03 Dec 2013

David Chattaway: Singing Sands

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Today I present to you a very treasured and chance find of mine from Goodreads.

SINGING SANDS is FREE TODAY AND TOMORROW

 

“Singing Sand” by David Chattaway is a very impressive debut novel about Jamal, the adopted son of the Nelson family. With a scaring family background of his own and traumatic experiences from his times at an orphanage / half way house Jamal is by no means an easy character. add to that the hate his step sister Mary has for him and you have the promising premise for a powerful read and that is long before the story really begins.
The entire Nelson family go on a camping trip together and soon they find themselves in a very unexpected yet life threatening situation that brings their strength as a unit to the test.
Interspersed with flashbacks to Jamal’s past the narrative moves very fast and makes for a rather compelling page turner of a book. This is a well written action packed thriller with some great psychological insight in to the minds of the characters. It is also a great family story that defines the terms of family ties and human bonds, there is a thoughtful and pleasing message embedded in all of this. To quote from the book: Jamal has been dealt a very tough hand but he will not give up and not make anyone suffer. A great leading character, supported by several others. It is amazing how easily and yet thoroughly Chattaway has established his cast. This is very good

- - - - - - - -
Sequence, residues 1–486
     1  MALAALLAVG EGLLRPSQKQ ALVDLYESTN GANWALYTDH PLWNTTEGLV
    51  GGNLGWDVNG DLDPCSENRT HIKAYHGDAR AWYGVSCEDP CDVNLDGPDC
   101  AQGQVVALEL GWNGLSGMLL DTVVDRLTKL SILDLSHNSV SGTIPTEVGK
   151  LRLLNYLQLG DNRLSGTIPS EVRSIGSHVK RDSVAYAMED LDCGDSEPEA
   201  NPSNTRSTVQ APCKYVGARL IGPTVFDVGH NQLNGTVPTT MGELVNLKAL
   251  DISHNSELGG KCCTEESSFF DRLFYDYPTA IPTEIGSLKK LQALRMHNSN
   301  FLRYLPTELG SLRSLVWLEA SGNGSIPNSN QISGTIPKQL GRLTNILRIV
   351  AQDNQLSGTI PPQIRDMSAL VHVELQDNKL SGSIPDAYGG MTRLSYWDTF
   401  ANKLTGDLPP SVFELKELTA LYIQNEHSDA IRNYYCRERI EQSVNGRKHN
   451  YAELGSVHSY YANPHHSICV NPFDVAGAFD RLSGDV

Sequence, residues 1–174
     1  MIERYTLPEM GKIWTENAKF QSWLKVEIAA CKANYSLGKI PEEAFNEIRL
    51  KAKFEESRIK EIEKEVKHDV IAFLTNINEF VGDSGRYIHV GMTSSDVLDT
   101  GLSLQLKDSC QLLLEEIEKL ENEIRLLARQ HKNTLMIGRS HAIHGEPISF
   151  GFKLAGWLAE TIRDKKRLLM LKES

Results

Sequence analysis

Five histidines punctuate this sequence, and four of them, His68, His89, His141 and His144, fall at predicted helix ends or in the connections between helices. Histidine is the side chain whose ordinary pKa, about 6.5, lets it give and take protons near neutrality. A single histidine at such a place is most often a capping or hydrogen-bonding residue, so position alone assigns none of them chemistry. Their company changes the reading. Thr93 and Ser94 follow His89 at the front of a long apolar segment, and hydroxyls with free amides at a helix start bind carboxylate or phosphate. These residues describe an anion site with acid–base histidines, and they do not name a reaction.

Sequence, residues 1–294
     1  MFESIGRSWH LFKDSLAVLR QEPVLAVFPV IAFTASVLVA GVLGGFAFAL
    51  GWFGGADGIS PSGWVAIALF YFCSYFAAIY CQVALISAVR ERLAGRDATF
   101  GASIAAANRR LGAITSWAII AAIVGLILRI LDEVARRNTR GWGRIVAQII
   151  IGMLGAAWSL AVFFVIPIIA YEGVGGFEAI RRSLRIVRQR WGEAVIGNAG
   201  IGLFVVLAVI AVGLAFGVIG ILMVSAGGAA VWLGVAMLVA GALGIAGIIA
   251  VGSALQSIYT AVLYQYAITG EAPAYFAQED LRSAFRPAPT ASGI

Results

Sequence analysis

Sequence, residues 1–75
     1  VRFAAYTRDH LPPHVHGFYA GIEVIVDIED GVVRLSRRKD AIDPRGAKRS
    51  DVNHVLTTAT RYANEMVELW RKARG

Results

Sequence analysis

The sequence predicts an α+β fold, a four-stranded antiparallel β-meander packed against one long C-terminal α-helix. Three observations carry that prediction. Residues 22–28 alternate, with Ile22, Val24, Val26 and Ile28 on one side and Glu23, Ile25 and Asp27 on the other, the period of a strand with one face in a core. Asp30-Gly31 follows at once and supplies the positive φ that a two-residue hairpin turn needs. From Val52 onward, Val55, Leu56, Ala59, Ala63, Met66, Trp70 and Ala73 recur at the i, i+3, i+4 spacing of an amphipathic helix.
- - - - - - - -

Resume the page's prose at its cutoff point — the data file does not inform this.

Interview with David:

Tell us a little about yourself as writer and a person.

 I’m a very happy person with plenty of hobbies and passions. I have been writing for years, however it wasn’t until 2011 when I started on a story idea named “Malakh” that I really caught the writing bug. I also met a fellow author at work he had released his first novel. When he explained the process of getting his work published and available for people to read I set to the task of completing some of my unfinished stories. 

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What made you become a writer? Have you always written?

It probably started when I was a child, my dad would tell me bedtime stories each night to send me off to sleep. He would come up with these intricate, involved worlds and characters and transport me there. He was incredible at painting such a vivid picture in my young mind. I wrote plenty of short stories throughout primary and high school, however I would start them but never actually finish. I think completing “Singing Sand” definitely helped me to realise what it takes to not just write, but properly complete a book. 

Were you always going to write a thriller? What is your connection to the genre?